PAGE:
I'm an inveterate nerd who is intensely interested in computers and computing. I've touched on everything from circuit design at the transistor level, up through low-level languages like z80 assembly and even bare opcodes1, to modern compiled and interpreted languages. I even know a few things about general hardware design. I won't claim to be an expert on all of it, though! (Certainly not all at once.)
Currently, I'm really enjoying modern Python and TypeScript for my day-to-day programming, though I've also worked with C17 and Java 8 recently and am keeping an interested eye on Rust. And still periodically trying to cram Haskell into my head. 🙄
When not programming, I enjoy playing video games (in fact, that's how I got started with programming2) and doing video-game-related data analysis and writing video-game-related code. Yeah, I know.
1 What? My graphing calculator didn't have any non-volatile storage, I forgot my data cable that day, and the program I was writing crashed the whole thing… but I really wanted to finish the text wrapping algorithm I was working on (and didn't really have anything better to do), so I pulled up the Zilog opcode reference and started typing them in. I think I still have the sheets of paper I took notes on somewhere around here…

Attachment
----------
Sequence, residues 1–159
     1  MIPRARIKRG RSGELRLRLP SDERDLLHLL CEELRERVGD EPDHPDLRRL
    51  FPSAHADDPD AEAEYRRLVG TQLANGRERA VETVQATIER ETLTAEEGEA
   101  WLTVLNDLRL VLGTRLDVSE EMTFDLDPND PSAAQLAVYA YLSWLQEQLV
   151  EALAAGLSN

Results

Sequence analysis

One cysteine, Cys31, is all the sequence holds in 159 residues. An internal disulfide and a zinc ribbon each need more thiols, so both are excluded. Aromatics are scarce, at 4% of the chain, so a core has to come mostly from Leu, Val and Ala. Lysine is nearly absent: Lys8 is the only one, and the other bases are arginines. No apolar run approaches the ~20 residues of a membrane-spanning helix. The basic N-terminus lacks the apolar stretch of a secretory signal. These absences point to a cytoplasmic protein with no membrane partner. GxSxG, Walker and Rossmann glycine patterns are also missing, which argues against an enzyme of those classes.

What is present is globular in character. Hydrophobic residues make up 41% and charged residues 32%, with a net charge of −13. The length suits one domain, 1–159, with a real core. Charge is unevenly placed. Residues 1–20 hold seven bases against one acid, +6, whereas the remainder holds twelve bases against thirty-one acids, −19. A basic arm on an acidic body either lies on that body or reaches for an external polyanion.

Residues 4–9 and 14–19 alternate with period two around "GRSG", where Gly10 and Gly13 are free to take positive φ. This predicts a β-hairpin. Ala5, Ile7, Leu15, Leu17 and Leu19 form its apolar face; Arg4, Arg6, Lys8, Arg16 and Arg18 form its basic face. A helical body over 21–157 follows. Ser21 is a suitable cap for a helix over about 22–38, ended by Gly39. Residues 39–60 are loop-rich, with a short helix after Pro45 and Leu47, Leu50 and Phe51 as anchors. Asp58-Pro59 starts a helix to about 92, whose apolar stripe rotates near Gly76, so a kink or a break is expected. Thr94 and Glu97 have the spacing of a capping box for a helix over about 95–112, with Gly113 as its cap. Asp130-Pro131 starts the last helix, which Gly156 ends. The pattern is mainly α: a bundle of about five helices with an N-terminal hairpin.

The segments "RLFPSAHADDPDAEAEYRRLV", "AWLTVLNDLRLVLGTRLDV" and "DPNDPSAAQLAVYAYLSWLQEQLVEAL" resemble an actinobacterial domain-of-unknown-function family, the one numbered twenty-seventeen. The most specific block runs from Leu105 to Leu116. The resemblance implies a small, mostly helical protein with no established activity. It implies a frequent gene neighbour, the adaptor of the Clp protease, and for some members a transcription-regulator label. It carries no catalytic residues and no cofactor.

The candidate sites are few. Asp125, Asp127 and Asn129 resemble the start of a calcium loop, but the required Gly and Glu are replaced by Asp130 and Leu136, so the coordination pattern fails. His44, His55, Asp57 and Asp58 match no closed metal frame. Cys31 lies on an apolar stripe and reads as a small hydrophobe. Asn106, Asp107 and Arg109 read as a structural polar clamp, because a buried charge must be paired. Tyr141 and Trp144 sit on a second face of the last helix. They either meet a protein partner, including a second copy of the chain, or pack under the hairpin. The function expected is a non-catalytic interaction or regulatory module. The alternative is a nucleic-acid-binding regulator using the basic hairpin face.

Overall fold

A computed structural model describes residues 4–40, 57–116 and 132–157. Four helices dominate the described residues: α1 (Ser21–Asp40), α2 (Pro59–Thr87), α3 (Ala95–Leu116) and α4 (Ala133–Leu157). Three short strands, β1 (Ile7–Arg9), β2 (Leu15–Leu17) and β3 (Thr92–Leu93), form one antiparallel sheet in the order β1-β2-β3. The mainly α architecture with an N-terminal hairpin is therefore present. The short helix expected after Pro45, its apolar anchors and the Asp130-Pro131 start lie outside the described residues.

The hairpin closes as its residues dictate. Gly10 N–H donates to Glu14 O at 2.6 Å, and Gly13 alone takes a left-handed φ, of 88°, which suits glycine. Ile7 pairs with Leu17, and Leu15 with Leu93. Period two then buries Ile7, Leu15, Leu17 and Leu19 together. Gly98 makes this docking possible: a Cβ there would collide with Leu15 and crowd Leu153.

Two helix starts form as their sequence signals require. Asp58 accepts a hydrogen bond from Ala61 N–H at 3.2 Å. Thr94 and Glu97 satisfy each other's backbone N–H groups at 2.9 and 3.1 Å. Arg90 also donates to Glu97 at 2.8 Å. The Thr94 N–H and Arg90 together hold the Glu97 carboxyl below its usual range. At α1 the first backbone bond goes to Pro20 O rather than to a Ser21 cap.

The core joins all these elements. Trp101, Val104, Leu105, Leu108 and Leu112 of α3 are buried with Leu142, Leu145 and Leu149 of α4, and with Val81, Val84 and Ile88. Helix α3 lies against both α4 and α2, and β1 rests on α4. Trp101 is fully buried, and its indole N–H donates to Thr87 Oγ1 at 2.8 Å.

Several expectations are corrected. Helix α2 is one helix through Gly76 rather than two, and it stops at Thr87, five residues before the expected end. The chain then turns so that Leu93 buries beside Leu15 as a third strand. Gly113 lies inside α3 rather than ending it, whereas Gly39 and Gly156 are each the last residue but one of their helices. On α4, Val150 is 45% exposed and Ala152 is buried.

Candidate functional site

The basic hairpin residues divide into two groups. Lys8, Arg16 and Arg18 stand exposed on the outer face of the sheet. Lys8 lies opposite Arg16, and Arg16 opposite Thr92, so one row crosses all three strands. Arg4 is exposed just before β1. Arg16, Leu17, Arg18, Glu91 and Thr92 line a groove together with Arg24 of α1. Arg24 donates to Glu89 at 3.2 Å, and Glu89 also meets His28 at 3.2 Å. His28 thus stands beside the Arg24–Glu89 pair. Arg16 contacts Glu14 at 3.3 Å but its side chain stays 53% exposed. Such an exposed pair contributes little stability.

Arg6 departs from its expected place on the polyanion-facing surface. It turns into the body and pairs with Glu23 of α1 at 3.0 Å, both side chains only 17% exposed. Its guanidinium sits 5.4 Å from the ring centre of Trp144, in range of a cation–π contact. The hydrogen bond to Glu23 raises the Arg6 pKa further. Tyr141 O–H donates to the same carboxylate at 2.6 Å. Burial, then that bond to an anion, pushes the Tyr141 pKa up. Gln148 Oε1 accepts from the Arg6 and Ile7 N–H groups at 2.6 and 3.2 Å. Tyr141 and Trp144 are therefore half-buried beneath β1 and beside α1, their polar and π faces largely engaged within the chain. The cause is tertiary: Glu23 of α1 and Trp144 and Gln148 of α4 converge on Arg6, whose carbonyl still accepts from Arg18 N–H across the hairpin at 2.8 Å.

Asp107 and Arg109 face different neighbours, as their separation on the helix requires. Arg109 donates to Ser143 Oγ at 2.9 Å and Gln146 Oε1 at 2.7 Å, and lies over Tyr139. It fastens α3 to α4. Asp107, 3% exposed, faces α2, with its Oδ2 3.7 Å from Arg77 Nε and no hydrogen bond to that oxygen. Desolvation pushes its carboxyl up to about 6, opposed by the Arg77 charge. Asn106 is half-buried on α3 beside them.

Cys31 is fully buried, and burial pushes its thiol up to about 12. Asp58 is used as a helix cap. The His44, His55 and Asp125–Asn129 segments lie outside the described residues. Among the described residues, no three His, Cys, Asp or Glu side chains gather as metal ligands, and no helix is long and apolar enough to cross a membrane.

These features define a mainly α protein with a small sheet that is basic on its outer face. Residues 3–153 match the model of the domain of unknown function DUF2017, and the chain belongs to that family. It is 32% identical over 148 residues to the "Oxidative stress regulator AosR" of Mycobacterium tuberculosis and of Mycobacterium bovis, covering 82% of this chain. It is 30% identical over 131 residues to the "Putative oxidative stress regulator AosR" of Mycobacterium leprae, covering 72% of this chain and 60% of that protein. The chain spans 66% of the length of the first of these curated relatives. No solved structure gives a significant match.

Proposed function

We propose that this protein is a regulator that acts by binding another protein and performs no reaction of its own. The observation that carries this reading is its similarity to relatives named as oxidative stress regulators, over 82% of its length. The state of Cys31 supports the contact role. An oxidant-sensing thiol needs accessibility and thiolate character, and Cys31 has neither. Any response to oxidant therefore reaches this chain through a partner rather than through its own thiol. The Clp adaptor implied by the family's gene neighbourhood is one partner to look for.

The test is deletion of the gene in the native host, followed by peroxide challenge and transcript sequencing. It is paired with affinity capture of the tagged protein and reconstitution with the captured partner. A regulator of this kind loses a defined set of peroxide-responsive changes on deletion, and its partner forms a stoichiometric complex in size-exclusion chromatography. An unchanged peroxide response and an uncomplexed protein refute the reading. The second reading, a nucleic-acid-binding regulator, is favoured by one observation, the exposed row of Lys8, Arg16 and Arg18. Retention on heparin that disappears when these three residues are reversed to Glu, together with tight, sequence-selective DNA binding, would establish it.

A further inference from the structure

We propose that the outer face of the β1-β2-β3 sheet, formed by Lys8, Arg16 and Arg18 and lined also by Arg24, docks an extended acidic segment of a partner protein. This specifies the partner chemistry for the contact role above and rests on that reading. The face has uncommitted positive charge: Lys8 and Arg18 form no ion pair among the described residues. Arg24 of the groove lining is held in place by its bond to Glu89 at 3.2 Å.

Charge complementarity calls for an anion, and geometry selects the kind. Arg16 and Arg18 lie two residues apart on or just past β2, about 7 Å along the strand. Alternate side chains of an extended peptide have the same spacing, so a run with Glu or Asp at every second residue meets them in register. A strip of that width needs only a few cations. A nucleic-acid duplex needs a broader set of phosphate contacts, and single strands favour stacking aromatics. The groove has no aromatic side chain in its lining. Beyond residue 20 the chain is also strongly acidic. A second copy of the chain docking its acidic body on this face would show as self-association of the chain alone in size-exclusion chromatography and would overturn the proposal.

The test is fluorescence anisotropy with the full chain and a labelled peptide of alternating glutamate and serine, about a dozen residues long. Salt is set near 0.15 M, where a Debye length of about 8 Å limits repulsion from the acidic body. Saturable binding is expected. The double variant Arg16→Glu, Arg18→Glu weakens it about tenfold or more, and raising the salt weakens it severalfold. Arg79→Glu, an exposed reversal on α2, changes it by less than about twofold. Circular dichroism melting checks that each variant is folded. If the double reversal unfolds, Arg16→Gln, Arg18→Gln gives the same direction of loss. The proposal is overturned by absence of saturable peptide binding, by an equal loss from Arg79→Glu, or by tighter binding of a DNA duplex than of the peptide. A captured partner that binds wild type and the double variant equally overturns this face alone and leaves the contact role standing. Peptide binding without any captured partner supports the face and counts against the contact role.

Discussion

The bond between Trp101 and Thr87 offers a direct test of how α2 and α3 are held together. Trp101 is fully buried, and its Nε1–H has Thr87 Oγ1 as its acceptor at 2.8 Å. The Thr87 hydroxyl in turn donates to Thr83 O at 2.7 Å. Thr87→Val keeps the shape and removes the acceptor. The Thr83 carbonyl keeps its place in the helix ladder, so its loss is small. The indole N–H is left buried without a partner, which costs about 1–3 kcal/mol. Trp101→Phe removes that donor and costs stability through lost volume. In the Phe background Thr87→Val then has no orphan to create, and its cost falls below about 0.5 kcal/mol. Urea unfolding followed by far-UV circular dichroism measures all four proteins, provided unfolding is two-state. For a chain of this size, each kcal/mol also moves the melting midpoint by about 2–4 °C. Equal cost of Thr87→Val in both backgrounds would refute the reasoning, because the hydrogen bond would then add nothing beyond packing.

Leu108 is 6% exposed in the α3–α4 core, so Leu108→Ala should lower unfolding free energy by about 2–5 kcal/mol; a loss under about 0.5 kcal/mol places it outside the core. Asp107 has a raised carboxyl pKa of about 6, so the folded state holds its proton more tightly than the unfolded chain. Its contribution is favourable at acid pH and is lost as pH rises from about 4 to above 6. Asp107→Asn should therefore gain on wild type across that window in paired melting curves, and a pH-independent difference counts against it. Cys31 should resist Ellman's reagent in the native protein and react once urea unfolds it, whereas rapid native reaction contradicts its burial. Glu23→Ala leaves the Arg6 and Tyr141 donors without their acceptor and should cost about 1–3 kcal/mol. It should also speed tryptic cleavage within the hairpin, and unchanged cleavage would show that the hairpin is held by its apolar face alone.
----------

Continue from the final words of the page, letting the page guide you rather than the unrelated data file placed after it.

2 I was really bad at the original Civilization and wanted to cheat. It turns out that your civ's cash reserves are stored as a signed 16-bit integer at a fixed offset in the save file. Of course, before I could take advantage of that information, I had to learn what hexadecimal was and how to use a hex editor. Oh, and also the fact that Civilization didn't have any overflow protection on that value, so if you set your money to 0x7fff while making a profit, the value wraps around to negative the next turn, and Bad Things happen. To this day, I remember that 0x7530 == 30,000.